Two very different friends
Published 9:50 pm Saturday, October 4, 2008
In contact this past week with an old friend I haven’t seen in a long, long time, I got to thinking about what a funny thing friendship is.
My friend is an attorney. He’s a Democrat, too. In fact, if you look in the dictionary under the term “Yellow Dog Democrat,” you’ll find his picture. He lives in Paris, Texas. His name is Bill Flanary and he is very good at what he does.
I considered another attorney a very good friend. His name was Ballinger Mills and he was (he’s dead now) the senior partner in the oldest law firm in that state. Ballinger, too, was very, very good at what he did, but he was about as far from being a Democrat as anyone ever gets. Ballinger lived on Galveston Island.
Bill will jump to the defense of the underdog every single time. He gave his church the money for a very elaborate television studio and camera equipment for the sanctuary after he filed a malpractice suit against a Dallas hospital and won. The money he gave the church, he told me, was his tithe from his share of the money he won for his client.
Bill, when he was with the Texas Attorney General’s office, used to fly around the state and pull midnight raids on nursing homes, frequently closing them down for abuse or neglect of patients.
Bill had a hand in establishing the dram shop precedent in Texas when he represented the wife of a blue collar man who was killed in a highway accident after a liquor store sold him beer at a drive-through window even though he was so drunk the clerk had to count his money for him. Bill took that case because he felt for the widow, who had a tiny baby and no money, no job and no education.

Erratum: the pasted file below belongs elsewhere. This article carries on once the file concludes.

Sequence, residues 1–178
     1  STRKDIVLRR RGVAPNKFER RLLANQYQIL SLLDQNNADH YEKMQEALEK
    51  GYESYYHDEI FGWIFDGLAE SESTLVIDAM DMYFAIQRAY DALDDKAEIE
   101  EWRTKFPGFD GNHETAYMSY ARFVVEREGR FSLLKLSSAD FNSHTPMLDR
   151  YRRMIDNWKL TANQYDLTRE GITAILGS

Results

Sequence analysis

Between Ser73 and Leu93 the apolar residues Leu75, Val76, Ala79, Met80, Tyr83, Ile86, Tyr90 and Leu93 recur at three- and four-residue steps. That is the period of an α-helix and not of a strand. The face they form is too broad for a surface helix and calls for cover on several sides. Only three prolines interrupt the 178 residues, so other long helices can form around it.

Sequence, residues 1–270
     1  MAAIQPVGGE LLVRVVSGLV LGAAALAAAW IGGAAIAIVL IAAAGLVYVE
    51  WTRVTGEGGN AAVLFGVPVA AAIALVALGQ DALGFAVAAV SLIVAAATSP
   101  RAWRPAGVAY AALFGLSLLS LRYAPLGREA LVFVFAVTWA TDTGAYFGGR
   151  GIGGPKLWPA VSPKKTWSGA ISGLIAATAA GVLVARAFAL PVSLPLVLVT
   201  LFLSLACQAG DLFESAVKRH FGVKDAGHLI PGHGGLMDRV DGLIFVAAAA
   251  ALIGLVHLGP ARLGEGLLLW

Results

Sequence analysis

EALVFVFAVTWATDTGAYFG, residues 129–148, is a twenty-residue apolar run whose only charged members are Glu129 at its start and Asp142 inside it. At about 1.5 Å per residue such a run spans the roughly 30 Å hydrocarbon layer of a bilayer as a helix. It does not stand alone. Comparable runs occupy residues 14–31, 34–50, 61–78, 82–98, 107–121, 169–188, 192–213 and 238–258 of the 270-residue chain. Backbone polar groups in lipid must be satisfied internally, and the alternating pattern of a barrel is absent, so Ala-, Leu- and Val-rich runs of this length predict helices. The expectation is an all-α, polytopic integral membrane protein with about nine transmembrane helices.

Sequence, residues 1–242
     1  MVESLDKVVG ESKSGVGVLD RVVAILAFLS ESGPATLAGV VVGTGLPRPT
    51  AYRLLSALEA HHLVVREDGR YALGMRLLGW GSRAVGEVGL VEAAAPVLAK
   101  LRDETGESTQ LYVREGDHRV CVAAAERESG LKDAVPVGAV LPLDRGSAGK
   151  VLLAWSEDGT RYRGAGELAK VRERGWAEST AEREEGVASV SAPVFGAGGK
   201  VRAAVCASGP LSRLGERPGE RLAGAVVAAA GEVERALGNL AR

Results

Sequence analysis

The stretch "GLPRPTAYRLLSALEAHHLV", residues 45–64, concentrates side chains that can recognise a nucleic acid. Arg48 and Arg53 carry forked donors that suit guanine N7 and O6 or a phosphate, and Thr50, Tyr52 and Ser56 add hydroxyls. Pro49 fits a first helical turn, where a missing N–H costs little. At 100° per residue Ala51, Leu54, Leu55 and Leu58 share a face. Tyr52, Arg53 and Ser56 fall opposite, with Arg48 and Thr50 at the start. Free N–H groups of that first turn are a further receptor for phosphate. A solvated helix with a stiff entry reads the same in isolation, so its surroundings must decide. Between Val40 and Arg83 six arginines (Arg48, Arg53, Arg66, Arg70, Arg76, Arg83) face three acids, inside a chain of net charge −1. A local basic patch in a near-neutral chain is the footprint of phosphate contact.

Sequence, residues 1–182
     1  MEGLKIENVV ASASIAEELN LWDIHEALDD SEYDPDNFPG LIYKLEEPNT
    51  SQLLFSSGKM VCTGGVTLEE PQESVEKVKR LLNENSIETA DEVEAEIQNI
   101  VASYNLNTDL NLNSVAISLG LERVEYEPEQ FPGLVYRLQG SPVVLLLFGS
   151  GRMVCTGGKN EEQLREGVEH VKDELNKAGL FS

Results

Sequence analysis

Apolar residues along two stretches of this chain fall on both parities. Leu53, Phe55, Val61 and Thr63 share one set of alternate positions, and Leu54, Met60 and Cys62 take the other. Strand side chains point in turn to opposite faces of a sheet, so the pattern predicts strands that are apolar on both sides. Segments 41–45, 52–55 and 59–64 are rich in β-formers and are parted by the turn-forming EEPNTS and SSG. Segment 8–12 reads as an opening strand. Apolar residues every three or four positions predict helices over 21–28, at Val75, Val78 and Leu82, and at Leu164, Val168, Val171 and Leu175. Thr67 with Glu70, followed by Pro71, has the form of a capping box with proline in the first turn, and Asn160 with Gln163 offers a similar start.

Perhaps similarly, Bill involved himself after a student at a junior college was arrested on a drugs charge. The student was arrested when she went to the campus post office to pick up a package. The package had been damaged in transit and a brown powder had spilled out of it. A suspicious postal employee had summoned police who had tested the powder and determined it to be heroin. The student, a young woman barely out of a small town high school, was placed in handcuffs in front of a building full of other students.
Bill’s son, also a student there at the time, told Bill the story and Bill was horrified. He contacted the young woman, who was still being held in the county jail, and learned that the package was from her mother. He called the mother who talked him through what had been in the package.
To make a long story short, the package was a typical mom’s care package to a kid at college. It contained cookies and other goodies. The suspicious brown powder turned out to be spiced tea which, it turned out, just happened to test positive as heroin with the particular portable test used in this instance.
Bill and the young woman settled for a very public apology from all the officials involved.
Ballinger’s focus was not the underdog. His interests were very different. He was the executor of the Sealy-Smith Foundation, the primary benefactor of the University of Texas Medical Branch in Galveston. Back then, that foundation gave UTMB millions of dollars every year without ever touching its principle.